As one of nine siblings in a Finnish farm family, Turunen loved the rural life and excelled in school, becoming the valedictorian of her high school class in the nearby town of Baraga. Following the lead of a cousin who had graduated from the University of Michigan School of Dentistry, she earned three degrees from the dental school before settling in Texas.

Turunen and several of her siblings chose professional careers that took them far from Pelkie, but their parents and several family members remain in the area. She returns there a couple of times a year to see family and during one recent visit she led a continuing education program attended by dental professionals from across that area.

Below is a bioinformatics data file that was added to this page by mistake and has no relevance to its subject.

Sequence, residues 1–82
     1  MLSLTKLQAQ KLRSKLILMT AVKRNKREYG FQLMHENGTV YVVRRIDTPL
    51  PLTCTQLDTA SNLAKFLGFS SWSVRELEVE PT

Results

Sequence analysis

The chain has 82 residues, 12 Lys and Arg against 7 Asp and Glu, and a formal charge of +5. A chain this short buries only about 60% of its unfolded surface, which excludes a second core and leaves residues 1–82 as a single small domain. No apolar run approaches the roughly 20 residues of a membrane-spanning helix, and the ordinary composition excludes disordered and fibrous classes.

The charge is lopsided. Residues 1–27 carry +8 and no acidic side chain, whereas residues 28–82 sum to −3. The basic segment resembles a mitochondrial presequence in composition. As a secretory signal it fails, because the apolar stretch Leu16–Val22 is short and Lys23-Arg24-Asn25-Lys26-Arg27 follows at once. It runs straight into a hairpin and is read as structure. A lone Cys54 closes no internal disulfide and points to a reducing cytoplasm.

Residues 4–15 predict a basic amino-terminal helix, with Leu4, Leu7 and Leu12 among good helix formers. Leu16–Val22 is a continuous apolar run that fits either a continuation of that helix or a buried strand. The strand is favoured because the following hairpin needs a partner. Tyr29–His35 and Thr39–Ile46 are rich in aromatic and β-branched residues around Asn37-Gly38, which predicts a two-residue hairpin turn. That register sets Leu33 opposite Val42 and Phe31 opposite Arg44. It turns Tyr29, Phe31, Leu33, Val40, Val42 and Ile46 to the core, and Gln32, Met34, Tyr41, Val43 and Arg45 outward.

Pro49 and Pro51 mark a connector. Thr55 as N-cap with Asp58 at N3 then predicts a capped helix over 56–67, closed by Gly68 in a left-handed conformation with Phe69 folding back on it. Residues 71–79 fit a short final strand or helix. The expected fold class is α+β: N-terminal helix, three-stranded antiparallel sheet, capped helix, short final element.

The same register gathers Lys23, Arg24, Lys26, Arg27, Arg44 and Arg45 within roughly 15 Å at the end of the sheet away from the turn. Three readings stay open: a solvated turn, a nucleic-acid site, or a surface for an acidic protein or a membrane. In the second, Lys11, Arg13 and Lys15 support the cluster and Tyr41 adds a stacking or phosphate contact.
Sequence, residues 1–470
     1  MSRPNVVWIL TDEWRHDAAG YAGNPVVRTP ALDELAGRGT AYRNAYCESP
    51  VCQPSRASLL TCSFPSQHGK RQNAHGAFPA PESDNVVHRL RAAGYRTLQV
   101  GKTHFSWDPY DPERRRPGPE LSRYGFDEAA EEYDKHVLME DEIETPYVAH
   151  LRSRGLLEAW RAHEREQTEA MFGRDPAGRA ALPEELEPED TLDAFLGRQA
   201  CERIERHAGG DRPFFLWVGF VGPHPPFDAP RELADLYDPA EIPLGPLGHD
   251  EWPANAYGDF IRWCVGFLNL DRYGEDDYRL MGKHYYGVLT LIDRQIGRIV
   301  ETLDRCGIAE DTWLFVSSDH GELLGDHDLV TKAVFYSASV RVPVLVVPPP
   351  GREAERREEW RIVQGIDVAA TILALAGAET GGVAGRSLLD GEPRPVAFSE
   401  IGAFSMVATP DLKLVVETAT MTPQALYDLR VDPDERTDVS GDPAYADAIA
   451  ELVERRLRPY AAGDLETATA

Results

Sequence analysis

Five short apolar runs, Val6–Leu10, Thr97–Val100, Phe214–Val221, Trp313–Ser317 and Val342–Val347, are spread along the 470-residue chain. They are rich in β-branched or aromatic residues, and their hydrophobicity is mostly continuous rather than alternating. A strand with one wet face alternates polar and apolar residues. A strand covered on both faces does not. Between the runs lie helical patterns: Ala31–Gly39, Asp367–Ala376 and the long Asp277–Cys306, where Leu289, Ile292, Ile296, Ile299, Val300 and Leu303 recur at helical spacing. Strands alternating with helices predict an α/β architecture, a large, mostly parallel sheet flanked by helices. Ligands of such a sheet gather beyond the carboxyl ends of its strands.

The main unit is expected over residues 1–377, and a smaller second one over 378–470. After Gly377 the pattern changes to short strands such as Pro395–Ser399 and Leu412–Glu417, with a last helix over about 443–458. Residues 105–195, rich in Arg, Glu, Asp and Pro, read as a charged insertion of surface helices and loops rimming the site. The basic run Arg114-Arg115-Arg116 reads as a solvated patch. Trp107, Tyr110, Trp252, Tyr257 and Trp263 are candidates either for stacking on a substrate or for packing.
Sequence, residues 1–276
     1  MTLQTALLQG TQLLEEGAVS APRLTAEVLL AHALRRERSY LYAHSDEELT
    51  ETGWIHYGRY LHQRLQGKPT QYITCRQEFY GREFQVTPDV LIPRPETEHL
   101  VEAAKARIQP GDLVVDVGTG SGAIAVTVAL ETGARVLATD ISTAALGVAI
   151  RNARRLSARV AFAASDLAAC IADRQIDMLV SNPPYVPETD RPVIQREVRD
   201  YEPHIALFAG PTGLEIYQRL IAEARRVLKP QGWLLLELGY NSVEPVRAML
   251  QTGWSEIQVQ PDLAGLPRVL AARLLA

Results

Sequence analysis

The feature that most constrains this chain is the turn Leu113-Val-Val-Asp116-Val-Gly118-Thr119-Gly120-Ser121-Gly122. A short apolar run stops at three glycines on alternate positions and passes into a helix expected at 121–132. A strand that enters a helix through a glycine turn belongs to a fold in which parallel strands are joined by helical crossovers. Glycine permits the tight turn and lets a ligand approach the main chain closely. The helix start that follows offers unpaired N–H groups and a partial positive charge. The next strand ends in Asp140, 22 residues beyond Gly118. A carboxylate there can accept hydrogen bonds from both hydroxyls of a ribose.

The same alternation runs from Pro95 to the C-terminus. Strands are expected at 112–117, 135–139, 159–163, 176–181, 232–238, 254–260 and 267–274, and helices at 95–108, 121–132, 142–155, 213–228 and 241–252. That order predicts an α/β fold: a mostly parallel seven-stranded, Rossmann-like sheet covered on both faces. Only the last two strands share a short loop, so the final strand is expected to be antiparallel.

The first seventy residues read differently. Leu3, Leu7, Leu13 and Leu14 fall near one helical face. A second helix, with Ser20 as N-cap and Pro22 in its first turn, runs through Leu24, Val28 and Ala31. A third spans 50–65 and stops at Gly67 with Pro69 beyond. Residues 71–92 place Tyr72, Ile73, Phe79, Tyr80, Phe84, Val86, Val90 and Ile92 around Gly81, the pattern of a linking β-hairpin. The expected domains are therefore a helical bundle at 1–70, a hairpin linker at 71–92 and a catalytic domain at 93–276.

It’s a heritage that is important to Turunen as she looks back on her dental education and career from the vantage point of 27 years of successful private practice. Late last year, she made a $20,000 commitment to the School of Dentistry for need-based scholarships that will be available to aspiring dental students from the three counties in the Keweenaw Peninsula – Baraga (where Pelkie is located), Houghton and Keweenaw.

“I knew there was something I wanted to do for my community, but I wasn’t quite sure how I wanted to contribute to that part of the Upper Peninsula,” she said. “I’ve also been wanting to support the dental school, so I decided that this scholarship does both.”